I had eaten more, I'd probably be on the island right now, together
with Lyne from two houses over and raising diggers like everyone
before me. But I never even approached Lyne. I figured I needed
to raise something spectacular, something that would bend even
her iron dad, Mel, to my approval. Then I could sit with her on
the rocks near the shore and pull her hand to mine.
But I was
a good finder, and there's no point to lament that now, especially
given how everything's turned out.
I found was dissatisfaction. That's what Preacher Evans called
it. "He's found his way to the dump of hell," he told everyone
he could force to listen to him, he was so angry about it.
dig up plastic bags with what might have been food decades before,
and scraps of plastic and metal that we'd look over and then either
stockpile or burn. There was always lots of cardboard, and we
kept any wood for Mel. He said he was going to build something,
but everyone had the things they kept and wood was his. He'd made
a shed out of what could be spared from building other houses,
and there he kept scraps too small for burning, although my dad
had teased pieces away from Mel to make into something just with
a knife and some energy.
delicate stuff like the porcelain on our shelf and Osborne liked
machines. He was going to build a machine to get us off the island,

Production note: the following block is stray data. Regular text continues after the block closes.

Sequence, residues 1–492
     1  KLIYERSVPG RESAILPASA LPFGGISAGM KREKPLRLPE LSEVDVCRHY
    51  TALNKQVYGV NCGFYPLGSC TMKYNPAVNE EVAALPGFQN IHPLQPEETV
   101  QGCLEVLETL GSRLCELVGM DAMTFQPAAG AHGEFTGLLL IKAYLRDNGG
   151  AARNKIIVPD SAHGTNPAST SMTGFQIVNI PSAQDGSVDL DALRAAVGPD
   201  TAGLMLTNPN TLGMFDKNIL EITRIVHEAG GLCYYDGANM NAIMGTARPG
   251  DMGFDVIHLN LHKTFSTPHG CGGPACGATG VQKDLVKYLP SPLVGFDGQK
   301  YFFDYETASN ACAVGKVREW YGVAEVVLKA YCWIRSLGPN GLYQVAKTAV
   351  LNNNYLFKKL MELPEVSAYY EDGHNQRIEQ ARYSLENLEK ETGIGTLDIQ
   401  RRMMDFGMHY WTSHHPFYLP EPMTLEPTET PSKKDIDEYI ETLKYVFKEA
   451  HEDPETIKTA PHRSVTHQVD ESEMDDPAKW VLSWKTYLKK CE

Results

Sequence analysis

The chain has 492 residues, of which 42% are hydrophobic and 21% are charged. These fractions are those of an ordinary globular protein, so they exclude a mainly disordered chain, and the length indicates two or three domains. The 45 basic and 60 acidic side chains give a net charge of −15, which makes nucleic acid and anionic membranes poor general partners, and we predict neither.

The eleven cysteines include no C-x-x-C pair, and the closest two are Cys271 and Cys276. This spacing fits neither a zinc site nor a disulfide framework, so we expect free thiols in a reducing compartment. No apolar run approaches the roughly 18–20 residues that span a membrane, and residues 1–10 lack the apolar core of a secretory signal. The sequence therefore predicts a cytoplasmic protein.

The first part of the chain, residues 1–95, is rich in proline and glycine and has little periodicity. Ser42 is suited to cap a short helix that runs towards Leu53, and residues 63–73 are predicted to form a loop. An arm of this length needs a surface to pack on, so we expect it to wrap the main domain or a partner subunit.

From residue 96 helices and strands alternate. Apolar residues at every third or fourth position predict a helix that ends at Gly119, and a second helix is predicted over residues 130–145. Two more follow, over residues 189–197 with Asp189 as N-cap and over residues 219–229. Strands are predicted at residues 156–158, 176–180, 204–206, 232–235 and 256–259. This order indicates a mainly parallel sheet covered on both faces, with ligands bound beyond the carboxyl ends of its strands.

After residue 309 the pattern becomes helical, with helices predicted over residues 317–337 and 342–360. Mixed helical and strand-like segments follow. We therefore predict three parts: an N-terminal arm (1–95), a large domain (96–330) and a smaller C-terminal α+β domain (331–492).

but as far as anyone saw, he just piled.
didn't like the digging. He claimed that only god was worth digging,
although he would be right in there demanding what food had been
brought up and which none of us younger ones had ever tasted.
I hadn't really
developed my own taste, and one morning, I pulled up the package.
from the dump has a look that you learn to recognize. There's
stuff that no one liked even when it was new, like an iron dog
with a movable tail, or a wooden woman whose legs move apart and
together again. Those items are never worn, like many of the fancier
kids toys which are broken and smooth-edged with playing. Most
metals are rusted into machines that I bet even the maker couldn't
recognize, and most shiny pieces of bright glass beckoning from
the mud prove to be broken and dull.
would we find something sealed. Tin cans contained foodstuffs
that in some cases were still edible, even after the intervening
years meant that such foods didn't exist anymore. Some toys were
still in unyielding plastic, soaked from ground moisture, but
otherwise perfect, as though they'd been thrown away hours before,
when the kids with too much to do had grown tired. Crazy Cara,
as we called her, found a case of knives, thin and brittle though
they were, still in a plastic and cardboard case. The lettering
on the cardboard had long since faded, but every house got a knife
from the Cara find.
tried not to think badly about the people who threw away what
we ended up digging, it was hard sometimes, when we cried to uncover
the wealth they had discarded.
On my last
day of digging I got up early, for it had been five days of finding
nothing beyond a few pieces of plastic for the fire and a re-sealable
bottle that I still have with me. My mother had begun to comment
that I'd lost my gift, and people wiggled their knife blades at
me, signifying that I was carrying bad luck and they were hoping
it wouldn't jump to them. I decided to fast. I was beginning to
worry that my skills were gone and that I'd have to make do with
junk like the rest of them.
When I arrived
at the pit, Cara was already there, scrabbling around. I ignored
her. I would have anyway, for she was prone to following if you
gave her attention, and that would throw off my concentration.
My mother said that Cara had been bit by the wrong bug, but I
blamed her mumbling ways on her age, for Cara was the oldest amongst